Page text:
Working in the U.S.
As international students on F-1 and J-1 student visas , you need to be aware of the various restrictions surrounding work/employment in the U.S. “Work” does not necessarily have to be paid and depends on many factors. Do not assume just because you are not being paid that work authorization is not necessary. In general, while you are located in the U.S., any paid work that you do, including remote work for a U.S. or non-U.S. employer, freelancing, side hustles, and any other paid opportunities require you to obtain employment authorization before the work begins. In addition, some types of unpaid opportunities will also require employment authorization. The only work that does not require authorization is on-campus work at Harvard.
Please see below for more information about on-campus work, types of work authorization available for off-campus work, and grey areas within the definition of employment such as entrepreneurship, unpaid internships, and more.
It is important that you review this information carefully and reach out to your HIO advisor with any questions before starting anything that could resemble work from the U.S. Failure to obtain work authorization before starting work is a violation of your student visa status. Violating your student visa status could negatively impact future visa applications or applications for future immigration benefits. Keep in mind that U.S. Embassies and Consulates will have access to your social media and digital footprint during future visa applications and may question or deny a future visa application if you appeared to have worked from the U.S. without employment authorization.
Work on the Harvard campus is permissible as soon as students are in F-1 or J-1 status in the U.S., though no sooner than 30 days prior to the start of classes. Acceptable employment includes: work required by a scholarship, assistantship or fellowship, work in the libraries, computer centers, administrative offices, and work performed on Harvard's premises for an outside contractor or firm as long as the employer provides direct services to students (for example, work for a food service company at Harvard). Please note that working for a US or non-US entity from your dorm, or library, is not considered on-campus employment simply because you are doing the work from the Harvard campus.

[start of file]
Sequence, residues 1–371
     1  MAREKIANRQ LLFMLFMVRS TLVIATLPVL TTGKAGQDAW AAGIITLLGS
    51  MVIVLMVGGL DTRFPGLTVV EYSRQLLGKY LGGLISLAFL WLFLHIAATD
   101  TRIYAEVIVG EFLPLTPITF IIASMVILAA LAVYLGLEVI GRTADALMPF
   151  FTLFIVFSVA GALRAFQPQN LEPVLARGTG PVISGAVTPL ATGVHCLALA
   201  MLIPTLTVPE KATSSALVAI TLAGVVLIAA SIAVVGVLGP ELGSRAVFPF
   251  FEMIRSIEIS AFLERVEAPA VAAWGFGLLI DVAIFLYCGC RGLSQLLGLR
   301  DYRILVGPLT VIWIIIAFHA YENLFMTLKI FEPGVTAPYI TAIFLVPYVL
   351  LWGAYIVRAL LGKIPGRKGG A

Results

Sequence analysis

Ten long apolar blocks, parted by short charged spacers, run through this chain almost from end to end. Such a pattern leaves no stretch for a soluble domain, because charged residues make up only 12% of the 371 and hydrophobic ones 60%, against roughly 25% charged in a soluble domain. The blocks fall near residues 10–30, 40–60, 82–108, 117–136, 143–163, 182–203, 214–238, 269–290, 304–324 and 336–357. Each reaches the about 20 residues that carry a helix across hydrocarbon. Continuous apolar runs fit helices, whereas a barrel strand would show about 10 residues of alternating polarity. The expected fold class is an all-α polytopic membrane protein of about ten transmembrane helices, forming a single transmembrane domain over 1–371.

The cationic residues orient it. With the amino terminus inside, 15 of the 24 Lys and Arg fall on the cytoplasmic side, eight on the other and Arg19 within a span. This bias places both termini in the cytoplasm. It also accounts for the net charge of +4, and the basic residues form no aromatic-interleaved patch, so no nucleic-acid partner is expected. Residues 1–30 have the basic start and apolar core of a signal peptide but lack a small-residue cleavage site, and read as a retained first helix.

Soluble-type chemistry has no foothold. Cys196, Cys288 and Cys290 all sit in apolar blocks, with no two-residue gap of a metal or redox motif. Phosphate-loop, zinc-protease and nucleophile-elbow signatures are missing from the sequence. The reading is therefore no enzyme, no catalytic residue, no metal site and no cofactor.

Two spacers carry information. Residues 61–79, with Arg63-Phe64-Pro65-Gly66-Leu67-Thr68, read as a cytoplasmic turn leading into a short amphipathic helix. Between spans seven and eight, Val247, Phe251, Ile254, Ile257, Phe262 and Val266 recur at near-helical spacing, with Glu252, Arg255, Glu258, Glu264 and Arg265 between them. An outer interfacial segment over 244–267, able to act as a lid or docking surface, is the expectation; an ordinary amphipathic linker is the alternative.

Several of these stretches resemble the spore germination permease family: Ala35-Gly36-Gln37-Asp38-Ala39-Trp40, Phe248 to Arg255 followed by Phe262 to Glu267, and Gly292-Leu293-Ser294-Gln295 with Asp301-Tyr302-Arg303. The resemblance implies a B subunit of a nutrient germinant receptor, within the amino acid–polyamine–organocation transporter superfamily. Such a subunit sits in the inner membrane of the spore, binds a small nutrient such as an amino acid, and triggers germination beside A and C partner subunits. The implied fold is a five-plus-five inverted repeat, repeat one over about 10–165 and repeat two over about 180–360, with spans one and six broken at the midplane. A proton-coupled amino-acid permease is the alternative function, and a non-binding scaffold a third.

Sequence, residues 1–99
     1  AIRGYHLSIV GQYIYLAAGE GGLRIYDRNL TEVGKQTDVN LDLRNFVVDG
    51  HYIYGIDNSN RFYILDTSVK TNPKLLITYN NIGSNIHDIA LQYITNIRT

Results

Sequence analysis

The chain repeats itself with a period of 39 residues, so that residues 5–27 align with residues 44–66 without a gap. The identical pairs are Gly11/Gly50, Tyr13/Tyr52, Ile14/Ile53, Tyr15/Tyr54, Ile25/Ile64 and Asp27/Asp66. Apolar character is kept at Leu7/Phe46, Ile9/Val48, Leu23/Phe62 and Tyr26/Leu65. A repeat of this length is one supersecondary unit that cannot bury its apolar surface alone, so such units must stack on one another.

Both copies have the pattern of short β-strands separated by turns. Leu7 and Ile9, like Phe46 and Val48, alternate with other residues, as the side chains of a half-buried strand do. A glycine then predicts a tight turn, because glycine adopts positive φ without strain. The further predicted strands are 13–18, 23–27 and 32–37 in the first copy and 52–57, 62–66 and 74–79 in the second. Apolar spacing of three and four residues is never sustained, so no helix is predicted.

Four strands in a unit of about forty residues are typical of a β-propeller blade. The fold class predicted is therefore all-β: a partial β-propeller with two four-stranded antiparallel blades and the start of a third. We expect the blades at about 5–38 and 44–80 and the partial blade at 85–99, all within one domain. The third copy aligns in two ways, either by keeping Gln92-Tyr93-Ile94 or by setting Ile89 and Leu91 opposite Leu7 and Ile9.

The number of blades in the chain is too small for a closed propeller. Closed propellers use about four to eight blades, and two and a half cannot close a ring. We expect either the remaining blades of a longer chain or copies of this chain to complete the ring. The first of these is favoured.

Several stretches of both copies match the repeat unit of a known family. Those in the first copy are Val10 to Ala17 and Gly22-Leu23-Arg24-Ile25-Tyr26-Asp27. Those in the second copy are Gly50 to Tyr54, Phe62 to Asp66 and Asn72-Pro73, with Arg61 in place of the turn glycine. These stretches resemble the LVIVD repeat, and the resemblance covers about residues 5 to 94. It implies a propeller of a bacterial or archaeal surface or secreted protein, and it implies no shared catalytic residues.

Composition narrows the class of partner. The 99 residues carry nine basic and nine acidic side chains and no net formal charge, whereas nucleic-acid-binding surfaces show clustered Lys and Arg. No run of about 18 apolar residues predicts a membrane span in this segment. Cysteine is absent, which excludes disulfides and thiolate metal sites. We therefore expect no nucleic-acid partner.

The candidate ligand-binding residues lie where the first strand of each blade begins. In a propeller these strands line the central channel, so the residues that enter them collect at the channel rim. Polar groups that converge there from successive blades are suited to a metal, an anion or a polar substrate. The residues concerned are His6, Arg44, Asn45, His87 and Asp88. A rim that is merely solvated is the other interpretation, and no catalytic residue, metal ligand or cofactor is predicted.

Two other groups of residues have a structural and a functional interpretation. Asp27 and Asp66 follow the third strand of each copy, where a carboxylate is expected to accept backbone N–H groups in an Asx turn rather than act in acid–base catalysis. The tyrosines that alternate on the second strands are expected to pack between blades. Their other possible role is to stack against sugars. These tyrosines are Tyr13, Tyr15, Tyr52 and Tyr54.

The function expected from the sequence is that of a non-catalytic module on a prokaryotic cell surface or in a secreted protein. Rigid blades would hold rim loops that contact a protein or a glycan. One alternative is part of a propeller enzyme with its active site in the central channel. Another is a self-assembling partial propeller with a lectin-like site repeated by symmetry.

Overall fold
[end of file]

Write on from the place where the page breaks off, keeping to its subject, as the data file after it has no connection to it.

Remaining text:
Employment is limited to 20 hours per week while school is in session, but may be full-time during Harvard's vacation periods.
J-1 students are required to report their on-campus employment to the HIO once every year. Students with visa sponsorship from an external organization, such as Fulbright or AMIDEAST, should contact their visa sponsor before accepting any on campus work for guidance.
Social Security Numbers
If you do not already have a U.S. Social Security Number (SSN), you will need to apply for one upon accepting employment on campus. A Social Security Number is a tax identification number that will be needed by your employer for payroll and taxation purposes. Please see Social Security Numbers for instructions.
On-Campus Employment at an Off-Campus Location for F-1 Students
USCIS has expanded the definition of on-campus employment to include jobs with employers that are educationally affiliated with Harvard University, provided that the job is associated with Harvard's curriculum or related to contractually-funded research projects and provided that the job is an integral part of students' academic programs (for example, research work at one of Harvard's affiliated hospitals may be acceptable for students in the sciences). Employment is limited to 20 hours per week while school is in session, but may be full-time during Harvard's vacation periods. Final permission is granted by the student's HIO advisor.
Types of Off-Campus Work Authorization
Off-campus work requires U.S. work authorization. To review the options for work authorization, please see below:
There are several types of work authorization that F-1 students may qualify for, depending on their program of study, type of work, and the type of degree program they are enrolled in. Please note that F-1 students are not eligible to work off-campus during their first year in F-1 status.